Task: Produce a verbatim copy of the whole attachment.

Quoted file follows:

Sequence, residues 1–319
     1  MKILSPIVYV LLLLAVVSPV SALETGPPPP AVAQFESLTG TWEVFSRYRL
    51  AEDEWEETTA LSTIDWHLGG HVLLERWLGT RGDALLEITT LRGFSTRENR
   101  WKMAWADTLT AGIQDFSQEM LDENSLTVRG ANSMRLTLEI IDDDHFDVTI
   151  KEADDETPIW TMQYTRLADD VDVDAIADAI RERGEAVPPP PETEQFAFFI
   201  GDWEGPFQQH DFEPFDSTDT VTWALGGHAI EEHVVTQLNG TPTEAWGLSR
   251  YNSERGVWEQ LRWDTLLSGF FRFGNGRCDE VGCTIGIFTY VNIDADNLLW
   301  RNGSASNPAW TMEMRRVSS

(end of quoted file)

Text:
Sequence, residues 1–319
     1  MKILSPIVYV LLLLAVVSPV SALETGPPPP AVAQFESLTG TWEVFSRYRL
    51  AEDEWEETTA LSTIDWHLGG HVLLERWLGT RGDALLEITT LRGFSTRENR
   101  WKMAWADTLT AGIQDFSQEM LDENSLTVRG ANSMRLTLEI IDDDHFDVTI
   151  KEADDETPIW TMQYTRLADD VDVDAIADAI RERGEAVPPP PETEQFAFFI
   201  GDWEGPFQQH DFEPFDSTDT VTWALGGHAI EEHVVTQLNG TPTEAWGLSR
   251  YNSERGVWEQ LRWDTLLSGF FRFGNGRCDE VGCTIGIFTY VNIDADNLLW
   301  RNGSASNPAW TMEMRRVSS